Efficient human pose estimation with image-dependent interactions

Benjamin John Sapp, University of Pennsylvania

Abstract

Human pose estimation from 2D images is one of the most challenging and computationally-demanding problems in computer vision. Standard models such as Pictorial Structures consider interactions between kinematically connected joints or limbs, leading to inference cost that is quadratic in the number of pixels. As a result, researchers and practitioners have restricted themselves to simple models which only measure the quality of limb-pair possibilities by their 2D geometric plausibility. In this talk, we propose novel methods which allow for efficient inference in richer models with data-dependent interactions. First, we introduce structured prediction cascades, a structured analog of binary cascaded classifiers, which learn to focus computational effort where it is needed, filtering out many states cheaply while ensuring the correct output is unfiltered. Second, we propose a way to decompose models of human pose with cyclic dependencies into a collection of tree models, and provide novel methods to impose model agreement. Finally, we develop a local linear approach that learns bases centered around modes in the training data, giving us image-dependent local models which are fast and accurate. These techniques allow for sparse and efficient inference on the order of minutes or seconds per image. As a result, we can afford to model pairwise interaction potentials much more richly with data-dependent features such as contour continuity, segmentation alignment, color consistency, optical flow and multiple modes. We show empirically that these richer models are worthwhile, obtaining significantly more accurate pose estimation on popular datasets.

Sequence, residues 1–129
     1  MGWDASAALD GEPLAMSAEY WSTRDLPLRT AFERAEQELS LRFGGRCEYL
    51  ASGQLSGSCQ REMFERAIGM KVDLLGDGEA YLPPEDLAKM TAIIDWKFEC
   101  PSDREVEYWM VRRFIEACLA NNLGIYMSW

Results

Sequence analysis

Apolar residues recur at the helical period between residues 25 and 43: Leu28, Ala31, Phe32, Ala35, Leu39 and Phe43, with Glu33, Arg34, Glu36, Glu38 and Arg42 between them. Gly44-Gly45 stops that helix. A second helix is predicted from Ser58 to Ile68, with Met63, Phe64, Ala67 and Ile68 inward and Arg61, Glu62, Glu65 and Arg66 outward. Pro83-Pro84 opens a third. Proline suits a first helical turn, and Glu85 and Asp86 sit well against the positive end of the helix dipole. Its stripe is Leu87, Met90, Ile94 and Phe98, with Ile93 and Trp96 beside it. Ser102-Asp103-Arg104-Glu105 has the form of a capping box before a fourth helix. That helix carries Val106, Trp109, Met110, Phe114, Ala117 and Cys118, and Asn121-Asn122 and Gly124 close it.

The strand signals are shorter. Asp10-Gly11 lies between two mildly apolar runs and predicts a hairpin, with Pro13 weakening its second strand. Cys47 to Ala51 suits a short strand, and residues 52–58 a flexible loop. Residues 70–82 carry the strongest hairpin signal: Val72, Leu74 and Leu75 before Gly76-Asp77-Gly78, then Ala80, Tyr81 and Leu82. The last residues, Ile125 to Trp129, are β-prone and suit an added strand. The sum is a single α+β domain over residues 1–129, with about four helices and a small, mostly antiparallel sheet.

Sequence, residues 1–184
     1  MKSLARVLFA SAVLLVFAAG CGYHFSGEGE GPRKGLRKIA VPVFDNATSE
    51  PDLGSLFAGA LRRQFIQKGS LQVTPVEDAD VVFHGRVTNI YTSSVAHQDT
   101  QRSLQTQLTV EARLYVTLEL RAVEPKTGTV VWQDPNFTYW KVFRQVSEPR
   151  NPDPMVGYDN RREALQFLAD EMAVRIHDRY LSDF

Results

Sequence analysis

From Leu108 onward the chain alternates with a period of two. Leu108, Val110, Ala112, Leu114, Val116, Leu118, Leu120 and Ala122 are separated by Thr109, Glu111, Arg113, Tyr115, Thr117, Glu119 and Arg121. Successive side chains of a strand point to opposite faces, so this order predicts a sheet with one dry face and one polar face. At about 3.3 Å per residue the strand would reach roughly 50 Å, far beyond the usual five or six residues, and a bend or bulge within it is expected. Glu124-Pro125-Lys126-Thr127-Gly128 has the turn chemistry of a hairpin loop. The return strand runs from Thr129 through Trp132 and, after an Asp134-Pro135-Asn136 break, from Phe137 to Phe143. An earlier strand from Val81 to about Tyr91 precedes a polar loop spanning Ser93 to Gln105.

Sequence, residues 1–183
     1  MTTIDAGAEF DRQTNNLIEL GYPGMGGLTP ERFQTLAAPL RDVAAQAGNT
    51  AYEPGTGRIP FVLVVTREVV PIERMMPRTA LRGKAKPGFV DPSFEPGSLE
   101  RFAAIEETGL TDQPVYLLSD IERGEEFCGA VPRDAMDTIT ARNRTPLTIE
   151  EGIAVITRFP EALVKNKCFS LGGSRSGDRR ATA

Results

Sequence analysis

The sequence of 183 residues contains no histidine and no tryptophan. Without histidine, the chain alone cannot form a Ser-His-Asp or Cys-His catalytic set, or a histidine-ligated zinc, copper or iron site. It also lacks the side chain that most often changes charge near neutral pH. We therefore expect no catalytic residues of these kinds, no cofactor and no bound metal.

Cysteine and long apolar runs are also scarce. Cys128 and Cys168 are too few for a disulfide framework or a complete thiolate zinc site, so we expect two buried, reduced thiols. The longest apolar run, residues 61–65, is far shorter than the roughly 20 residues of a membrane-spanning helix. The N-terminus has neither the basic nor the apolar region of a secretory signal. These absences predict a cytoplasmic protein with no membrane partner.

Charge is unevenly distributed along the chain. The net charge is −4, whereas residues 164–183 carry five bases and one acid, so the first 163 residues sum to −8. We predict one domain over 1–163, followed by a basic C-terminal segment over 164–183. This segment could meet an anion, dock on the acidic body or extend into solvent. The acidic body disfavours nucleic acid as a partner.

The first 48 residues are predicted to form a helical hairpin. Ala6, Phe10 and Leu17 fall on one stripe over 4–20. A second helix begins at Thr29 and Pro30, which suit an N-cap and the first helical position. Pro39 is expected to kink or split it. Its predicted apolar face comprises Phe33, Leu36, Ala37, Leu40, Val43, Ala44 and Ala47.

Subject Area

Applied Mathematics|Statistics|Computer science

Recommended Citation

Sapp, Benjamin John, "Efficient human pose estimation with image-dependent interactions" (2012). Dissertations available from ProQuest. AAI3551551.
https://repository.upenn.edu/dissertations/AAI3551551

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